Christchurch council invoices mandate protest organisers $14k

Source: 1News

Christchurch City Council is taking action against Destiny Church and anti-mandate protest organisers, saying it "shares the frustration" of locals impacted by the behaviour at the events.

Protesters in Christchurch on November 20 2021.

Council has sent an $14,117 invoice to the Freedom and Rights Coalition, the organiser of three pre-Christmas protests in the city, to recover costs for traffic management.

It will also send a bill for a protest at the weekend at Hagley Park and on Riccarton Rd.

"The Council is also writing to the organiser of the Destiny Church services in Cranmer Square to advise him that the services and protest events being held within the park breach the Council’s parks bylaw and potentially the District Plan and that they need to stop using Cranmer Square, at least until a permit has been applied for and granted," the council's general manager of infrastructure, planning and regulatory services Jane Davis said.

"The council is also going to meet with police to discuss the situation."

Destiny Church leader Brian Tamaki visited Christchurch at the weekend to give a Sunday sermon to the local Destiny Church congregation and spoke at an event held in a park on Saturday, a church spokesperson told RNZ on Monday. The spokesperson described the event as a picnic.

Police on Monday told 1News they are "continuing to look into" whether or not Tamaki breached his bail conditions by attending the events.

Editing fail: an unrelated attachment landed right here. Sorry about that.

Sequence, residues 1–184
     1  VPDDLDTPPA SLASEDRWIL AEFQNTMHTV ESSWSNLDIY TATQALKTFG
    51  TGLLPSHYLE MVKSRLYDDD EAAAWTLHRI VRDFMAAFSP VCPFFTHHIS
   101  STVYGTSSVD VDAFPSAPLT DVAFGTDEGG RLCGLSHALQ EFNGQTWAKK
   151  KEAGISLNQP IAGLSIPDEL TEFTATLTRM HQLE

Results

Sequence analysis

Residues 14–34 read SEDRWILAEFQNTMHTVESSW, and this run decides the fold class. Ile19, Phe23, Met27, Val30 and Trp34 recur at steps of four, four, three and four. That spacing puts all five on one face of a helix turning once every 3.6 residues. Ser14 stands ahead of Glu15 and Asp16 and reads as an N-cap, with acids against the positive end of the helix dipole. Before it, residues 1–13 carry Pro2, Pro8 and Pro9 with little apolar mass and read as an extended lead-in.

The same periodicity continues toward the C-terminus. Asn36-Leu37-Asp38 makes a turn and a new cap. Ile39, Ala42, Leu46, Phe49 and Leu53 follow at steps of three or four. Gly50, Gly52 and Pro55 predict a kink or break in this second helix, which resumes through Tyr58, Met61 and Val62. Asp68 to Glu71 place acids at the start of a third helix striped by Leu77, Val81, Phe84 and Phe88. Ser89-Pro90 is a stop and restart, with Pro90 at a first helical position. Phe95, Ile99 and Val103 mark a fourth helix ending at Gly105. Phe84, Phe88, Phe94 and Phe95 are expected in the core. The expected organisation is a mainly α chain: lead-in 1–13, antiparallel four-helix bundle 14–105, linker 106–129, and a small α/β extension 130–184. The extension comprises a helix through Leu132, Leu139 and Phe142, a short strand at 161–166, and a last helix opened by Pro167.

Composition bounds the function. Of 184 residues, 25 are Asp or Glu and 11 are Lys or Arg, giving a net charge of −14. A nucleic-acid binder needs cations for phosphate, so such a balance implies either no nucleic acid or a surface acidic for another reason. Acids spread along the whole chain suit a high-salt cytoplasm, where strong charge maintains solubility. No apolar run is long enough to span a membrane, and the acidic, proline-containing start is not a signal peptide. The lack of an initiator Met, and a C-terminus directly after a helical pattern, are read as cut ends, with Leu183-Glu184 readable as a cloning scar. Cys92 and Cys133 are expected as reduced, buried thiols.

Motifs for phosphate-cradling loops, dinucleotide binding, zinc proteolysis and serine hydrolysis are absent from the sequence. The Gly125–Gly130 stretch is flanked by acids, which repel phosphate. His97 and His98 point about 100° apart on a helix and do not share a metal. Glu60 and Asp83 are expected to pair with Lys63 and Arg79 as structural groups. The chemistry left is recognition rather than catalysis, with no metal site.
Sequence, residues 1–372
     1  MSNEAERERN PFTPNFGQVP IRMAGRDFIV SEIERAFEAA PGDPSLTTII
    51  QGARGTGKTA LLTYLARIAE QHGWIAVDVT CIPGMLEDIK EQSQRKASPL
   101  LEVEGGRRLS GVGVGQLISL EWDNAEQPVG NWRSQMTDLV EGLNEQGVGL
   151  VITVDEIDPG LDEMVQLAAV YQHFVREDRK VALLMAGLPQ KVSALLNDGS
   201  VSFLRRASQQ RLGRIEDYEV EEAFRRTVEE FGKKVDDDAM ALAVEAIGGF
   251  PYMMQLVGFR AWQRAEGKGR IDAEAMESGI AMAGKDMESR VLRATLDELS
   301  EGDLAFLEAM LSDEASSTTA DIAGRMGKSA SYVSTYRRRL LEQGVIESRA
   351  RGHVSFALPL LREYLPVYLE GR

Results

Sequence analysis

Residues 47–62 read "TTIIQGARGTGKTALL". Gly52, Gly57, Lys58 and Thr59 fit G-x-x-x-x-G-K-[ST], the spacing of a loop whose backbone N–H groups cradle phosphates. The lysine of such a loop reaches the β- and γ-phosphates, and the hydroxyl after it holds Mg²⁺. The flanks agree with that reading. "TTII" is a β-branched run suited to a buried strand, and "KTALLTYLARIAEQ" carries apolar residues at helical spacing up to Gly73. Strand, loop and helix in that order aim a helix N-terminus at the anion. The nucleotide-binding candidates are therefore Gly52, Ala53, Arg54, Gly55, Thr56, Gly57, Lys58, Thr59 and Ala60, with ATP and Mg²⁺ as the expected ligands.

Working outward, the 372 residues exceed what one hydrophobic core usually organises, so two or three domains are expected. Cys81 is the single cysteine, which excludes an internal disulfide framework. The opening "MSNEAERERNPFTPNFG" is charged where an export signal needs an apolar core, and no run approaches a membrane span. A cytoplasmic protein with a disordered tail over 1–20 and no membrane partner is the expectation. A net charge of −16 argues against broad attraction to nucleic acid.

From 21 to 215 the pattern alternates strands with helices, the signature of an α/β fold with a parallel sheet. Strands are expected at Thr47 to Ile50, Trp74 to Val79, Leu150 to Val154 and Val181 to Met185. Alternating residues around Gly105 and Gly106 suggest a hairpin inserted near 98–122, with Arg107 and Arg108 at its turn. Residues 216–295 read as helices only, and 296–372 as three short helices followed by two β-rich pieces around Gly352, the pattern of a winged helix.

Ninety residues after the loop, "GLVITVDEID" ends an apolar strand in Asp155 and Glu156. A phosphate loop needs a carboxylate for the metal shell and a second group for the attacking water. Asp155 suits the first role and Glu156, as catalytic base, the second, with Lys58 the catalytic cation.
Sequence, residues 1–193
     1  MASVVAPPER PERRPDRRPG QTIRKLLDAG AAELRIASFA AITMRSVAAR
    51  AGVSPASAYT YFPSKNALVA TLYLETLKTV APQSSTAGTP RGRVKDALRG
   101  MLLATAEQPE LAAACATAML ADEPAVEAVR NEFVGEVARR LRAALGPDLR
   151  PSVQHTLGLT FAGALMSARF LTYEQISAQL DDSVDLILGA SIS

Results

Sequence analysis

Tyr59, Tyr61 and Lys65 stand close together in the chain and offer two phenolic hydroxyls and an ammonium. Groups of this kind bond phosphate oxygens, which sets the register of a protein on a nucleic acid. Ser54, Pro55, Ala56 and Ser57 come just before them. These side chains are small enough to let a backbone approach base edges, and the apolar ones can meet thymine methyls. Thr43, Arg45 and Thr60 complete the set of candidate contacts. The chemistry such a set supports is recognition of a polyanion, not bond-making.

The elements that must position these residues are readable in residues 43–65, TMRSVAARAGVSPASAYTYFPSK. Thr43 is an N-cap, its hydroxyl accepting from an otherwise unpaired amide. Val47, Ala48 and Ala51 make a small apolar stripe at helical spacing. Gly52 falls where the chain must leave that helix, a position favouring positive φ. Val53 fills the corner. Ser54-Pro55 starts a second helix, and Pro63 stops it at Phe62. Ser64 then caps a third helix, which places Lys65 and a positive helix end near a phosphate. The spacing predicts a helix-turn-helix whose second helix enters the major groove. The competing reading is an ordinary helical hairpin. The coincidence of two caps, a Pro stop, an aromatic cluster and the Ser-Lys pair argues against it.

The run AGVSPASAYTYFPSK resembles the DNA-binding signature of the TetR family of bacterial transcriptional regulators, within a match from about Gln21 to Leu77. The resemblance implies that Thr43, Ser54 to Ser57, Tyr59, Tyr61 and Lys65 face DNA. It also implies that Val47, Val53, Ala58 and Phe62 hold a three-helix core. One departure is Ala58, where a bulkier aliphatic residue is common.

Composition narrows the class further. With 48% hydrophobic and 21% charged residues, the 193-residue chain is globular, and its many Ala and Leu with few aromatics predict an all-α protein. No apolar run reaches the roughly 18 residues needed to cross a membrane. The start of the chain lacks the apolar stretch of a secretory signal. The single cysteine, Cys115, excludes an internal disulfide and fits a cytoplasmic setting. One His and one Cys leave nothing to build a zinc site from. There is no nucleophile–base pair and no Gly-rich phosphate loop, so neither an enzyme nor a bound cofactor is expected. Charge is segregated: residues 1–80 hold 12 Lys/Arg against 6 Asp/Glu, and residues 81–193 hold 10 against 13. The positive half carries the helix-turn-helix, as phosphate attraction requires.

Davis said: "Cranmer Square is a special park and the only events that are normally held there are commemorative events, such as ANZAC Day services. It is also in a residential area and the ongoing church services and protests are upsetting the local residents."

"They are rightly concerned that the organisers of the protests and church services have been erecting temporary stages and portable toilets and operating food trucks without the required permission from the council.

"We totally share the frustration of residents who have complained to us about the impacts of the noise and behaviour associated with their events on their neighbourhood. We are pursuing all avenues to minimise, or preferably eliminate, the adverse impacts on the Cranmer Square residents."

Derek Tait, a senior Christchurch Destiny Church pastor, told Stuff he hadn't seen an invoice and would seek legal advice before paying anything.

He said he had not been spoken to by council and wasn't aware he was breaching bylaws.